Tuesday, October 23, 2012
The Geek Chorus #6: Why Batman Must Never Kill
This is an issue that's been stewing in my head for sometime. It's was almost brought to fruition by that trailer for that horrible Batman fan film Suffocator of Sins, but the internet more than did my job for me on pointing out what a blight on humanity that was. I thought perhaps I had worried over nothing. Perhaps everyone already knew what I had to say and there was really no need to add my voice to the pile. But recently I met someone. Very briefly, we never got as far as exchanging names. He had just come from seeing The Dark Knight Rises at the theater where I work, and we were discussing the various Robins from the comics. To my shock, he cited Jason Todd of all people as his favorite Robin.
For those only familiar with the movies, Jason Todd was the second to wear the infamous costume after Dick Grayson. He started out as a Dick Grayson clone, but was later revamped into an impetuous former street orphan, who was universally hated by the readers. He was brutally killed off by the Joker in a now iconic story called "A Death in the Family", and unlike most comic book characters he stayed that way for a very long time.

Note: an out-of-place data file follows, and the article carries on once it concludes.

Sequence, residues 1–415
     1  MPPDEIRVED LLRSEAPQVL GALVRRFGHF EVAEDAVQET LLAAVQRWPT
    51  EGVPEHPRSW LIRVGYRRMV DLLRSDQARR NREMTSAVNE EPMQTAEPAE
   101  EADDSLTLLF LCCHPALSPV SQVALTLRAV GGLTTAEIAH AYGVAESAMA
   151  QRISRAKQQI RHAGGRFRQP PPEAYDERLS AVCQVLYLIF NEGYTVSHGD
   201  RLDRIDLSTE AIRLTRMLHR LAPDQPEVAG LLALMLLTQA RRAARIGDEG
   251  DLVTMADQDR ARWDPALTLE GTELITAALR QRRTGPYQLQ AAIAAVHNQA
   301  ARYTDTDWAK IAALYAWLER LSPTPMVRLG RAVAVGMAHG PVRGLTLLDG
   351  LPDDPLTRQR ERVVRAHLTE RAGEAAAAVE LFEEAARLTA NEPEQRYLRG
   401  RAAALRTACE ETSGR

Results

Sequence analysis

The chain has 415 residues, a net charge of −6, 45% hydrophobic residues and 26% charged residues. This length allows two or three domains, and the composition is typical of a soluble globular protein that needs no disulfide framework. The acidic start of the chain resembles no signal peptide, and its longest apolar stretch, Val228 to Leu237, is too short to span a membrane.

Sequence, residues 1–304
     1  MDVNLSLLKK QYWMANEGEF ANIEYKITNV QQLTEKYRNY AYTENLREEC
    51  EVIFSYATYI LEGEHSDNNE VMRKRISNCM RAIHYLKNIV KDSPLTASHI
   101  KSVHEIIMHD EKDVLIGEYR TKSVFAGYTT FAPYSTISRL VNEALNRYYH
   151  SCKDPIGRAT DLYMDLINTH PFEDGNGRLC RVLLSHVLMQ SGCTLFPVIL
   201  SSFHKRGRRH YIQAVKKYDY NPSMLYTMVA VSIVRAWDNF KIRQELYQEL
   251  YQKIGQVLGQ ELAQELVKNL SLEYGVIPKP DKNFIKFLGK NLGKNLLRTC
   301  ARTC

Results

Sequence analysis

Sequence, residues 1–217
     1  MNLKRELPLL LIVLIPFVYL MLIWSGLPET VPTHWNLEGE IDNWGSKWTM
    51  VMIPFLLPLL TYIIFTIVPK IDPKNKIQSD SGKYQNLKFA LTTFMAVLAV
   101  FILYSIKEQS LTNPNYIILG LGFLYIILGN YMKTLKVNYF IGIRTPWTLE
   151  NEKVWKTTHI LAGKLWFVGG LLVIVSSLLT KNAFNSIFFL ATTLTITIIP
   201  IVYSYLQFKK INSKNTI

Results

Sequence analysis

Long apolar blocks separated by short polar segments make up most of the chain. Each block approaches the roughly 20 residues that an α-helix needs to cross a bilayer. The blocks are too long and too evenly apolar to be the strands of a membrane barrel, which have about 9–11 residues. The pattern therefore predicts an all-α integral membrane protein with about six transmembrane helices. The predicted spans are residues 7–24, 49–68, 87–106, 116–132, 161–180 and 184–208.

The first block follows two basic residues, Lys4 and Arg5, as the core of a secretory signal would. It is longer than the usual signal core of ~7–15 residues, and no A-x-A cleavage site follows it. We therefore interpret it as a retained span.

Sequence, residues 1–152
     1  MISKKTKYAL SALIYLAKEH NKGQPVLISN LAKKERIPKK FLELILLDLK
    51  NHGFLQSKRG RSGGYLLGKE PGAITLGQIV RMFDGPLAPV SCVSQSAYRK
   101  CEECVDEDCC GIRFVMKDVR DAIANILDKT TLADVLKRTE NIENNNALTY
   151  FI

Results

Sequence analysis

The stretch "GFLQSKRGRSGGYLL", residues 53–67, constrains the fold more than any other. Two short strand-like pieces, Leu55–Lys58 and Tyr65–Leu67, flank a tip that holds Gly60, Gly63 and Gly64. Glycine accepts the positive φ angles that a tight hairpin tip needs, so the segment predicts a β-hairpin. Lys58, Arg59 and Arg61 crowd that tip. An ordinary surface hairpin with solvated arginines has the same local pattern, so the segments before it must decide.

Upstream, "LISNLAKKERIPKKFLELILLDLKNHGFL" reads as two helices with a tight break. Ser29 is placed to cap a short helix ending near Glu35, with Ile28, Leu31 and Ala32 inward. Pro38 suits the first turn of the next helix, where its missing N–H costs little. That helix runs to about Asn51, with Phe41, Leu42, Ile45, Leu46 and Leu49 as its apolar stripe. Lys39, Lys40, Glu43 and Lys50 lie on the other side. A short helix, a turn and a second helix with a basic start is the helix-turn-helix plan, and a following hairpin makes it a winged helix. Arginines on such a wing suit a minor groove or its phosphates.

Then in 2005, someone had the bright idea to resurrect him. He came back, and now he was far worse than just a bit of a brat...he was an outright villain. He began calling himself "the Red Hood" (a named long connected to the Joker), and decided he wanted revenge on Batman for NOT taking revenge on the Joker. It was actually a decent story that was made into a excellent Direct-to-DVD animated movie. It brought one of Batman's greatest failure's back to haunt him: the fallen squire, the apprentice who never really got the point. It came down to the most basic theme, the real lesson of the Batman story: Justice vs. Vengeance. Jason never understood that, and that is why he failed as Robin. It was never about justice for him, just the self-serving catharsis of revenge, the good feeling that comes from beating people you don't like to pulp with your bare hands.